(2) Lieberman, A. & Amaya-Jackson, L. Reciprocal influences of attachment and trauma. (EEA), 100-124 (3) Perry, B. (2006) Applying principles of neurodevelopment to clinical work with maltreated and traumatized children. In Webb, N. (ed.), Traumatized youth in child welfare (pp. 27-52). New York Guilford Press. (ER) (4) Bradshaw, G., Schore A., Brown J., Poole, J., & Moss, C. (2005) Elephant Breakdown. Nature, 433, p. 807. (ER) Oct. 21 – THE IMPACT OF MULTIPLE SEPARATIONS Readings: (1)Dozier, M. Lindhiem, O., & Ackerman J. Attachment and Biobehavioral Catch-up. (EEA), 178 – 194 (2)Lillas, C., Langer L., & Drinane, M. (2005) Forced separations and forced reunions in the foster care system. Zero to Three, July 2005, pp. 34-40 (ER) (3)Weitzman, C. & Avni-Singer, R. Building the bonds of adoption: from separation and deprivation toward integration and continuity. Zero to Three, July 2005. Pp. 14-20 (ER) (4)Talmi, A. Jump, V. & Goldman-Fraser, J. All alone: promoting regulation during separations from intimate caregivers. Zero to Three, July 2005. Pp. 8-13 (EL) Journal Topic: Write a brief (1-2pgs.) essay from the viewpoint of an infant or toddler who has been abruptly removed from his family and placed in fostercare. Select the child’s age, structure of biological family, reason for removal, & structure of fostercare setting. Based on your knowledge of social-emotional development and attachment theory, describe the impact on this child has as he leaves one setting and is transported to another. You may find it easiest to write in the voice of the child. Limit your essay to the 24-hour period around his removal and placement.
Oct. 28 – THE VALUE OF PARENTAL REFLECTION Readings: (1)Cohen, N., Mirek, L., & Muir, E. (2002-03) Watch, Wait, and Wonder: An Infant-led Approach to Infant-Parent Psychotherapy. Newsletter of the Infant Mental Health Promotion Project (IMP), Vol. 35. Toronto (EL) Film: When the Bough Breaks. Toronto’s Hincks Institute. 1995 Frontline (2)Slade A., Sadler, L., & Mayes, L. Minding the baby: enhancing parental reflective functioning in a nursing/mental health home visiting program (EEA) pp. 152177 (3)Benoit, D. Modified Interaction Guidance. In Newsletter of the Infant Mental Health )Promotion Project. Vol. 32, Winter 2001-2002, pp. 1-5 (EL) Lecture: Reflective Parenting Nov. 4 - THE CIRCLE OF SECURITY INTERVENTION TBD Nov. 11 - THE WORK OF STANLEY GREENSPAN Readings: (1)Greenspan, S. & Wieder, S. (2006) A model for comprehensive prevention and early intervention services for all families. Infant and Early Childhood Mental Health pp. 333-363 Arlington Va.: American Psychiatric Publishing, Inc. (ER) (2)Greenspan, S. Outline of clinical landmarks for adaptive and disordered infant and early childhood functioning based on a developmental structuralist approach. In Psychopathology and Adaptation in Infancy and Early Childhood: Principles of Clinical Diagnosis and Prevention Intervention. Nov. 18 - WRAP-UP Reading: (1) O’Connor, T. and Nilsen, W. Models versus Metaphors in Translating Attachment Theory to the Clinic and Community. In (EEA) pp. 33313326 (2)Waters, T. (2004) Learning to Love: From Your Mother’s Arms to Your Lover’s Arms. The Medium (Voice of the University of Toronto), Vol. 30, No. 19: 1-4 (EL) Dec. 2 - WRAP-UP CONT. Reading: Weatherston, D. (2000) The Infant Mental Health Specialist. Zero to Three, October/November 2000. Pp. 3-10 (ER) Class Exercise: Defining infant mental health to various types of people in your life – peers, family, potential employer, parent/caregiver client, checker at grocery store, plumber,… Final Exam: To Be Announced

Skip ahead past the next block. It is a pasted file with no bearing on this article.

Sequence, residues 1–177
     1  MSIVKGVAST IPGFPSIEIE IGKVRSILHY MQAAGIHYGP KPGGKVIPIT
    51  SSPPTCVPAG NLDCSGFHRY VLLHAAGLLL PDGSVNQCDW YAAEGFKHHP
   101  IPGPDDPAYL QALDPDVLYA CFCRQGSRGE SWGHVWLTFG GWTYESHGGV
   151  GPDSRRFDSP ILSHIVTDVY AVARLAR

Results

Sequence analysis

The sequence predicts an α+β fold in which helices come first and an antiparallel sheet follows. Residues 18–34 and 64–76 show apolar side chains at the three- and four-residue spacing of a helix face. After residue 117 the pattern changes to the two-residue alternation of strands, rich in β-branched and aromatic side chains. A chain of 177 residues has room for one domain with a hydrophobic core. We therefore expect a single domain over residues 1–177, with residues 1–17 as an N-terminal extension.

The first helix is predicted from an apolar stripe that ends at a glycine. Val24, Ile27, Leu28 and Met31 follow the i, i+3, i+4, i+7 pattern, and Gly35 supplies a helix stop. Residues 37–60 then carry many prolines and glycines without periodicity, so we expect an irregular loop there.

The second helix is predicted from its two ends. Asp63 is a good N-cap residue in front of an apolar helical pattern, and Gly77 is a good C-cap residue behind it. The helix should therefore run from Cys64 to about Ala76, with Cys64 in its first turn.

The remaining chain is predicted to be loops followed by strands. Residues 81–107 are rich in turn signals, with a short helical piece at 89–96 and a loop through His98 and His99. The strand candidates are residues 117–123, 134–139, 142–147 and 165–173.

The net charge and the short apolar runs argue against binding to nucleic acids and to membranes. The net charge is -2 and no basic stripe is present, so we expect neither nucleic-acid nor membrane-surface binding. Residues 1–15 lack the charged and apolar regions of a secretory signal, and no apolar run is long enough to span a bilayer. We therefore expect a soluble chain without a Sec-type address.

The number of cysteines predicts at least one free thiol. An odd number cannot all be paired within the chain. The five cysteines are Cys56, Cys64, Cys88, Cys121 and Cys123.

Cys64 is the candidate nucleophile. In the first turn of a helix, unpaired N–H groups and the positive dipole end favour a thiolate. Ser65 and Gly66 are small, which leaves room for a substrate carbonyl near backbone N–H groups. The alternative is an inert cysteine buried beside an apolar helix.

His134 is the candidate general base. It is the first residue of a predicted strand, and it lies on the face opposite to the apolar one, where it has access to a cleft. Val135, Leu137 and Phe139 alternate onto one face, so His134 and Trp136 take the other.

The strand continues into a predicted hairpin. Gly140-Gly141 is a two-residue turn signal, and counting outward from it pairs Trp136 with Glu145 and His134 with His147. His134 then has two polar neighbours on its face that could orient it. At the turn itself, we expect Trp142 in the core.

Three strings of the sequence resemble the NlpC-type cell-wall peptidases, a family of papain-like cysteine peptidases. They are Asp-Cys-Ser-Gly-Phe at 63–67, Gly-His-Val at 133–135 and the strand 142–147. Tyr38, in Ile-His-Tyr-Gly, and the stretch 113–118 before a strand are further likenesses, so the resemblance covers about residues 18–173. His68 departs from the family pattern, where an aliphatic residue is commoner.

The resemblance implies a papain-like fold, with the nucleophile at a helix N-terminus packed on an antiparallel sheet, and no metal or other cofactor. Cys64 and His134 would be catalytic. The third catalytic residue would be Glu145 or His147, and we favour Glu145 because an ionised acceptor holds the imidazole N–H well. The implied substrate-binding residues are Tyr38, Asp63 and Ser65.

Grading Policy: Class Project = 20%, Journal Reflections = 40%, & Final Exam = 40%.
Course Policies: Attendance and participation in class activities is expected.
Technical Support: URL for electronic reserves course page: http://utdallas. docutek.com/eres/coursepage.aspx?cid=855